HIST 204 Lecture Outline (Spring 2023 – Week 8)

HIST 204


ENGLAND, c. 1000-1307




Animated Bayeux Tapestry (second half, 4:16 min.):

Horrible Histories: Stephen and Matilda (Norman Family Tree Song, 3:10 min.):

The Bayeux Tapestry (BBC, 4:56 min.):

How parchment is made (BBC, 4:03 min.):



Marie de France, Lai du Chèvrefeuille (poem about the lovers Tristan and Iseult, possibly written at the court of Henry II, late 12th cent.) (4:42 min.):

The sound of Old English:

Anglo-Saxon Chronicle: The Battle of Hastings, 1066 (1:21 min.):

The Lord’s Prayer, in Old English (Anglo-Saxon, 0:28 min.):

The Norman Conquest (see maps):

The back-story (according to the Normans): Edward the Confessor, King of England, is elderly and childless. He decides to name his maternal cousin William, Duke of Normandy, as his heir. Edward sends his brother-in-law, Harold Godwinson, Earl of Wessex, the most powerful noble in England, on a diplomatic visit to Normandy. He is shipwrecked, arrested, and delivered to Duke William as a prisoner. William takes Harold on a military campaign against the rebel duke of Brittany. Harold’s conduct is valiant, and after the rebel duke surrenders at Dinan, William gives Harold arms (a sign of vassalage). At Bayeux,  Harold swears an oath on relics to William (seemingly, to support William’s claim to be King Edward’s heir), and William sends Harold home to England.

(There is another claimant waiting to claim the throne of England: Harald Hardrada, King of Norway. His invasion, also in 1066, is ignored in the Bayeux Tapestry.)

(Click here for an animated [and abbreviated] version of the second half of the tapestry) (or click here for a later version of the same animation)

1066 January: Death of Edward “the Confessor” and accession of his brother-in-law Harold Godwinson as King of England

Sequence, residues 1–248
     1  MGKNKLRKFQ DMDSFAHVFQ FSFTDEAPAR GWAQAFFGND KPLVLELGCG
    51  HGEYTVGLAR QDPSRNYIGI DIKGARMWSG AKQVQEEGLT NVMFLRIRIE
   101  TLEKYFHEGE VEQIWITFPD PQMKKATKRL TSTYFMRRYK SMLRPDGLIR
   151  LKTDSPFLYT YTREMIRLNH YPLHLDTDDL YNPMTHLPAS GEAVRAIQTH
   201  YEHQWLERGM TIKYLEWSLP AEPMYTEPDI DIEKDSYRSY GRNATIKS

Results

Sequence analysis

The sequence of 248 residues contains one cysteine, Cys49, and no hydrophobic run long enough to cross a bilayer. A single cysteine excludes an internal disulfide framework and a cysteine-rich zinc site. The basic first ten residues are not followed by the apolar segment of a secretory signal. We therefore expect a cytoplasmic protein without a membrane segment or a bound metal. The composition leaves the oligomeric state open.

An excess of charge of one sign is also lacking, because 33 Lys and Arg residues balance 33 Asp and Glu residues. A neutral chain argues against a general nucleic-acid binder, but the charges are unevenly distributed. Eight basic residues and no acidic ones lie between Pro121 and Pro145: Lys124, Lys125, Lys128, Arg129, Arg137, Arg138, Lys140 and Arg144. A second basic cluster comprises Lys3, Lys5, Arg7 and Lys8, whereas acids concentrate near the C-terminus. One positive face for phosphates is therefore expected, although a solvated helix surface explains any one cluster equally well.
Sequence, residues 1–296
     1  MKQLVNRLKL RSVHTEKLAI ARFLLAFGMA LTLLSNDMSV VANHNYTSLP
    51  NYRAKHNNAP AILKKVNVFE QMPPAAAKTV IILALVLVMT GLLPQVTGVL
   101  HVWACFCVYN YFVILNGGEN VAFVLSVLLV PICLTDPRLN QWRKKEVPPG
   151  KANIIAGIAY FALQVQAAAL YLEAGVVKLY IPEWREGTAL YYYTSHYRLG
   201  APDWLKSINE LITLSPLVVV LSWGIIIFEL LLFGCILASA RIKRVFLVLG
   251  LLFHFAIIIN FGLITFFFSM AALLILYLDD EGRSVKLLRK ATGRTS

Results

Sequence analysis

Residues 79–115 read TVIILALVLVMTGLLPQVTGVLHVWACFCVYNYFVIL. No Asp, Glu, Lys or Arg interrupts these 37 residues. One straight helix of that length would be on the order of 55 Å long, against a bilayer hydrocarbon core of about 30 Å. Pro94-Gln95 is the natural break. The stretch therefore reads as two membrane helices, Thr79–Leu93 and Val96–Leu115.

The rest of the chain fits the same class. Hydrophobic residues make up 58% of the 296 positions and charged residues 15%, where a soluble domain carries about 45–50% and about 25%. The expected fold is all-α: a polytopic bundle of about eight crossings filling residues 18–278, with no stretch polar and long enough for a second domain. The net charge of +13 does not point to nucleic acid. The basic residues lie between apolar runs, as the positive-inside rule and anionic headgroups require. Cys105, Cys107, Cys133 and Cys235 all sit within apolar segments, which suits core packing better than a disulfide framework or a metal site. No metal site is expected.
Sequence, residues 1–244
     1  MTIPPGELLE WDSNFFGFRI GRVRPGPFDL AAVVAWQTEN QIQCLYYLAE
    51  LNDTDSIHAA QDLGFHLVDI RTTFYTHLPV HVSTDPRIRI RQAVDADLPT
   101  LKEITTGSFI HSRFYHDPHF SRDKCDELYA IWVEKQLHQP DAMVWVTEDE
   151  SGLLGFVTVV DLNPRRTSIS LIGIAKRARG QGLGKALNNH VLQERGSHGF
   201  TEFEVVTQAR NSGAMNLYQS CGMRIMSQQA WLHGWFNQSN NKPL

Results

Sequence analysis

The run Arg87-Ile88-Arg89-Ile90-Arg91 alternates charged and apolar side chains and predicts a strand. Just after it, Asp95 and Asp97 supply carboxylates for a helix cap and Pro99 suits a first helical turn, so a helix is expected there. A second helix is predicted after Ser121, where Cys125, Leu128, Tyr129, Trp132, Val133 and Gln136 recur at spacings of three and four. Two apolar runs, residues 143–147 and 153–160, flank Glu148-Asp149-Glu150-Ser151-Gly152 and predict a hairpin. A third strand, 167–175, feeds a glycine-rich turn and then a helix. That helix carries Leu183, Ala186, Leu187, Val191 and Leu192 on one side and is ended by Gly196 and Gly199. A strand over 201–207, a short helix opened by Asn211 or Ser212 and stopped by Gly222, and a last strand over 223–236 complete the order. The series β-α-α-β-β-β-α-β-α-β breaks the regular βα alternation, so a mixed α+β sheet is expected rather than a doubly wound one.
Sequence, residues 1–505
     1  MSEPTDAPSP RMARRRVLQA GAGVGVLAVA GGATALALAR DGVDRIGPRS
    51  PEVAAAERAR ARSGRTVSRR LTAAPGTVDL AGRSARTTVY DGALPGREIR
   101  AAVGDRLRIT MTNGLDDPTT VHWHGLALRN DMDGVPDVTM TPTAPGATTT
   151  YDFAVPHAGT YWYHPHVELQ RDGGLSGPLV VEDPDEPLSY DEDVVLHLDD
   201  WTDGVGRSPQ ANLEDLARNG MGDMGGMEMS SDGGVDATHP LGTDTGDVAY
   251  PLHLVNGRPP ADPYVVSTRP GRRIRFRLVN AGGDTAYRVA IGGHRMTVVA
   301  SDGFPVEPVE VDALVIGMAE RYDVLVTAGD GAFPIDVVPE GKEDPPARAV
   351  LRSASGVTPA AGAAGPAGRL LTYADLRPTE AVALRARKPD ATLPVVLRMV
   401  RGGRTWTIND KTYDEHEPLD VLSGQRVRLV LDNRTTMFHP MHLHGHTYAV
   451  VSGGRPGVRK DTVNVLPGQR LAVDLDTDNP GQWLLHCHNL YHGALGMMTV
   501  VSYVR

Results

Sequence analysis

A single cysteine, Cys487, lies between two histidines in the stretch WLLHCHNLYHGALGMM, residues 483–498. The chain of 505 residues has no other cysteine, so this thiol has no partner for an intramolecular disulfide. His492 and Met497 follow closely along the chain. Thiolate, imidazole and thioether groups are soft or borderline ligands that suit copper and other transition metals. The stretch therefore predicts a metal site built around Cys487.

Spring: Halley’s Comet is seen as a fearsome omen
September: invasion of Harald of Norway, who is defeated by Harold Godwinson at Stamford Bridge
October: invasion of William, duke of Normandy, whose Norman-French army, with archers and cavalrydefeats Harold Godwinson at the battle of Hastings
1066-1087 Reign of William I “the Conqueror” (click here for a map of William’s dominions)
1086 Domesday Book (click here for an online glossary to Domesday Book)
1087-1100 William II “Rufus”
1100-1135 Henry I “Beauclerk”Establishment of Itinerant Justices and Exchequer
1135-1154 Stephen: anarchy (struggle for crown vs. Henry I’s daughter Matilda, widow of Emperor Henry V, and wife of Geoffrey, Count of Anjou)


Primary sources:

The Bayeux Tapestry, c. 1070s (see all 35 images at the the site below)

Anglo-Saxon Chronicle: Domesday Book and William I

Domesday Book (1086): Instructions and entry

Henry, archdeacon of Huntingdon (c.1080-1160), Chronicle: Stephen’s reign


 NORMAN ENGLAND, 1154-1307


Richard the Lionheart, King of England, “Ja nuns hons pris” (Ballad written while imprisoned, 2:40 min.):

Another version of the same (5:54 min.):

For your amusement:

Steeleye Span, “Queen Eleanor’s Confession” (A very anachronistic folk song about Henry II and Queen Eleanor, 5:13 min.):

The Robin Hood myth lives on:

Clip from the classic: “The Adventures of Robin Hood” (1938), with Errol Flynn, Olivia de Haviland, Basil Rathbone, and Claude Rains (4:58 min.):

Theme song to British TV series, 1955-?: “Robin Hood” (1:17 min.):

Trailer for “Robin and Marian” (1976), with Sean Connery and Audrey Hepburn (3:11 min.):

Montage from BBC fantasy TV series “Robin of Sherwood” (c. 1983-4), with Michael Praed (3:13 min.):